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Old 08-01-2009, 02:20 PM   #71
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Walkerton , Virginia
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If I need help backing, I ask folks to tell me which direction my rear end should go. Then I do what is necessary. Saves much confusion.

I guess that's kind of what the working life is, come to think of it. Someone's always there to tell you where your a$$ should be at any given time.


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Old 08-01-2009, 02:26 PM   #72
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Maybe we singles could have a Forum Listing "Dating Airstreamers" and hook up with partners to travel with. Then just think of the possibilities....


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Old 08-01-2009, 02:42 PM   #73
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Perception at a campground?????

Originally Posted by Focuspuller View Post
OK, this might be a delicate subject, but I'm new, so here goes:

Since I've become obsessed with the Airstream Nation lifestyle, I have been scouring the internet for as much info as I can, this forum being a major source. But there are others.

I have caught a whiff of an impression on some boards that Airstreamers are considered snobs, and/or arrogant, and/or clique-ish in the eyes of other rv'ers.

Now, I can imagine envy playing a big part here and a form of stereotyping and profiling, whatever. Frankly, I couldn't care less what others think of me or my (future) rig, but when I pull into a campground that is 99.9% non-Airstream, am I going to be judged as a holier-than-thou elitist before I even land the thing?

More to the point, will no one help me back the sucker into the site?

So, what say you guys? Have you experienced an anti-Airstream prejudice to the point of it ever being a problem, or am I getting paranoid over nothing?
I would not worry about it, go out and enjoy, be the talk of the town, I have never experienced any of what you are concerned about, in fact just the opposite. The silver twinkie gets me invited to the upper crust (because they think I have money), My TV which is a Ford Excursion tells everyone else that I am just a normal person with an unusual trailer that gets me invited to everything else. Like everyone else here I have yet not had someone give assistance when needed and then want to talk about the AS. I have even had some not only help back me in but uhhook, and get out the chairs just so we could talk. Now I have had a few and I mean a very few of the motor coach crowd in 1/2 million dollar + units look down their nose at me, and I have a good response for that with me being 6'7" tall I get to do the same back at them, and with my baby blues make them feel the same as what they are trying to make me feel but I am better at it than they are.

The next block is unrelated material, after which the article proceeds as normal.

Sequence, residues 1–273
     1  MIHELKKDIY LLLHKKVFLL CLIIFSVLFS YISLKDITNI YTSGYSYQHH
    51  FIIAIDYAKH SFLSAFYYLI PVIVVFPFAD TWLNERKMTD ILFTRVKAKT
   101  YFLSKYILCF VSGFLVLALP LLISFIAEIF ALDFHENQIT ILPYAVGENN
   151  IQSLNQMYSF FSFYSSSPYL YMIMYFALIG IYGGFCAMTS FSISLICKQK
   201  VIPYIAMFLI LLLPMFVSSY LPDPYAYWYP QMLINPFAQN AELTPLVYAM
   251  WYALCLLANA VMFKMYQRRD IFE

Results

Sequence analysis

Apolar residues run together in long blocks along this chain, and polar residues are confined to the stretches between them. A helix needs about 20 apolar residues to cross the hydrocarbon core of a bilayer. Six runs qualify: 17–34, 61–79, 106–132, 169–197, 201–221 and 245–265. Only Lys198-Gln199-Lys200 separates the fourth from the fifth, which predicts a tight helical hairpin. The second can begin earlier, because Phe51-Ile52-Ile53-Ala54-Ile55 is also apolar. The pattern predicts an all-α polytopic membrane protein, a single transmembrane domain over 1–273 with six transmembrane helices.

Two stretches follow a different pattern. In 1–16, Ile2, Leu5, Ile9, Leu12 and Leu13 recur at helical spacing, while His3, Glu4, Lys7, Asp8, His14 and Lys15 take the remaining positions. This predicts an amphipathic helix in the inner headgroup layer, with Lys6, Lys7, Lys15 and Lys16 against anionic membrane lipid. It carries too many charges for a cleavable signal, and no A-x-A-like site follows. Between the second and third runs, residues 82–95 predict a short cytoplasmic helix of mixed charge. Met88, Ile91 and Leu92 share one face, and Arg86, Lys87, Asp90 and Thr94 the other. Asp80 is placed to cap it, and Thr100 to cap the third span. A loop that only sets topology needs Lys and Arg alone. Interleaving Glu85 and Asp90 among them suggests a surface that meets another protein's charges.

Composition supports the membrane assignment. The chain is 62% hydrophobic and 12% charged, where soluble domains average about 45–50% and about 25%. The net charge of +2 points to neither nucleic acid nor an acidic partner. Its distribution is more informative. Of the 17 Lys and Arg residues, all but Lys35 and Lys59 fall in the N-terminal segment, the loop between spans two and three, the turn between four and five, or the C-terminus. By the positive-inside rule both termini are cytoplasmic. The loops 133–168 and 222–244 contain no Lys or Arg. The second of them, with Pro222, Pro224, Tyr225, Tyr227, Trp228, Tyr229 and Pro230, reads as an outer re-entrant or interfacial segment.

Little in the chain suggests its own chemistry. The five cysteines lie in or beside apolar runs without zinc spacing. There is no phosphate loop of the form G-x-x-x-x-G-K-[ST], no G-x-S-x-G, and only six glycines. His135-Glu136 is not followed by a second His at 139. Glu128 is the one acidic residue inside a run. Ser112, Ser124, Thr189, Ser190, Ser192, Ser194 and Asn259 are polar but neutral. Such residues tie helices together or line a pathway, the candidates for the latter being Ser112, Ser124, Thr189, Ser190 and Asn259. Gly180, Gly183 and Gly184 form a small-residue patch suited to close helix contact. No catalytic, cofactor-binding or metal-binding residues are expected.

When I had a box you just dont get paid much attention too,
The AS no matter what year it is, is going to be the best conversation piece you will ever own, so your question really should be how am I going to get some piece and quite.

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Old 08-01-2009, 08:35 PM   #74
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Thanks to all for the replies. My mind is eased.

I've been a contrarian all my life. I think I'm falling in with the right crowd.

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Old 08-01-2009, 11:21 PM   #75
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I got in late on this but I will chime in also. I agree with the idea of recognition. When you are travelling down the road and see an oncoming RV, basically the only ones you CAN recognize are Airstreams. If you had a Tahoe 5th wheel you can't recognize from a distance another one. I think that adds to the camaraderie.
Roger & Roxie (rore62) Smith (Air#178 - WBCCI#1646)